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My thoughts...
by Donna Buenaventura / February 2, 2009 6:24 AM PST

Hi,

After you cleaned and wiped the disk, I believe your hard-drive are now free from malware of any type. See answers below.

>>>Then, after having done a complete disk clean, full install of Windows on my main drive, I went to one of my external drives (connected via USB) where the baddies had first appeared. Lo and behold, I immediately saw some strange things that led to my hallucination-like experience. This was a Western Digital Passport Elite portable drive. On the root directory I saw the regular list of programs that came with the drive, but at the very top I saw something that I'd never seen before. It was a file folder with a name that was about 20 or 30 characters long consisting entirely of seemingly random numbers.

I immediately recognized this as something new. Clicking on this critter to see what was inside, I saw a lot of folders all beginning with the letters "SP" followed by some other numbers and maybe letters or such. Then, in less than 2 seconds these sub-folders and their parent folder all vanished into thin air (er, cyberspace). What the hell? I am hallucinating or something? This vanishing before my very eyes was not something I'd ever observed in 20+ years of using computers.


My thoughts on the above is that Windows installed a driver for detected hard-drive when you plug-in the device. And the SP and random character files that you've seen are temporary files added then removed by Windows.
This is true whenever a software or driver is being installed and the installer/setup will remove once the device is ready to use or the needed files are installed already.
What I'm wondering and would like to ask you is:
When you plug-in the USB external drive, did you see the balloon tip by Windows that it detected a new device and Windows is installing the driver to it?

I don't have on to WDPE portable drive but my external drive will sometimes show those items (random characters) whenever I will install some updates and Windows found my external device as "temporary place" to put the stuff then it removed it. There was a time it failed to remove the temporary files and it is safe to delete those.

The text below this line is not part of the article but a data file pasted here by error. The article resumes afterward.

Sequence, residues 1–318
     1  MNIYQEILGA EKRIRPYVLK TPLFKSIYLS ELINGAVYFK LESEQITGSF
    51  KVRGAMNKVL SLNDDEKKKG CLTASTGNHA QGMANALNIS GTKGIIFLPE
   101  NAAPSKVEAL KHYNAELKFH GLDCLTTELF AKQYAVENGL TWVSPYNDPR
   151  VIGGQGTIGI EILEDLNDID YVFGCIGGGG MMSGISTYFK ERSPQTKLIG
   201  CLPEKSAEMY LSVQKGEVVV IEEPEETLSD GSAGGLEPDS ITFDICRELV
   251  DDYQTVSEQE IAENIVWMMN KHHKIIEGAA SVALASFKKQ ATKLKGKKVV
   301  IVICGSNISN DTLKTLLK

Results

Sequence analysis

I hope I'm making sense though Grin but if you suspect that your drive is still infected, I suggest to have the software and utilities that came with WDPE portable drive store in another location then wipe again the drive using DBAN http://dban.sourceforge.net/ or similar tool. You might want to check also with Western Digital website if they have similar tool.

>>>So, that's where it stands at the moment. I haven't deleted the files in the Software Distribution Downloads folder on my laptop yet. I thought I'd first inquire if there are ghost hunters, er, I mean virus/malware hunters who would be interested in studying these suspects, and if so getting the suspects to them for "questioning."
Smart move because I want to suggest another Grin
Or shall I say, I would like to suggest to not to delete the entire Software Distribution folder if you want to keep the "history" of installed updates.

And since you want to get rid of the 'downloaded updates and ready to install updates', you can just delete the "download" folder under Softwaredistribution folder.

>>And now, also, I will do a complete Windows install on my desktop again now that I've re-formatted the disk where the baddies were hiding out before their mysterious disappearing trick. Then I will install Trend Micros Internet Security Suite on 30-day trial.
Good luck!

>>I have a couple of other external hard drives. Not sure what to do to ensure their safety. I don't want to trash all the data on them. Too valuable to me.

Since you have couple of external HD, why not use one of them as backup location?
Backup regularly so you can quickly restore to the full and good state of the system in minutes without losing data.

I'm using Acronis True Image by acronis.com and this has saved me from starting from scratch (which I used to do often.. last time).

Hope this helps.

Donna

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One more question
by Scallywagging / February 2, 2009 2:15 PM PST
In reply to: My thoughts...

Thanks Donna,

One more question. When I try (logged in as administrator) to open a System Volume Information file I get an Access Denied message. Should that be happening?

Cheers.

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It's normal :)
by Donna Buenaventura / February 2, 2009 7:32 PM PST
In reply to: One more question
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Thank you Donna!! I had the same issue.
by guitarrez / November 4, 2009 2:06 AM PST
In reply to: It's normal :)

Automatic updated were inadvertently set to "automatic" in my control panel on a desktop that I don't always use. There were some updates, for example, IE 8, and some others that I DID NOT want to install. I stopped the service, and deleted the c:\Windows\SoftwareDistribution folder like you indicated and VOILA!! I've now set Automatic Updates to "Notify Me Before Downloading or Installing". I know this is an old post. Hope you get it!! Thank you very much!!

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typo
by guitarrez / November 4, 2009 2:14 AM PST

First two words should read: "Automatic updates" Thanks again!!

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(NT) Glad you sorted it out, Guitarrez :)
by Donna Buenaventura / November 5, 2009 12:45 AM PST
In reply to: typo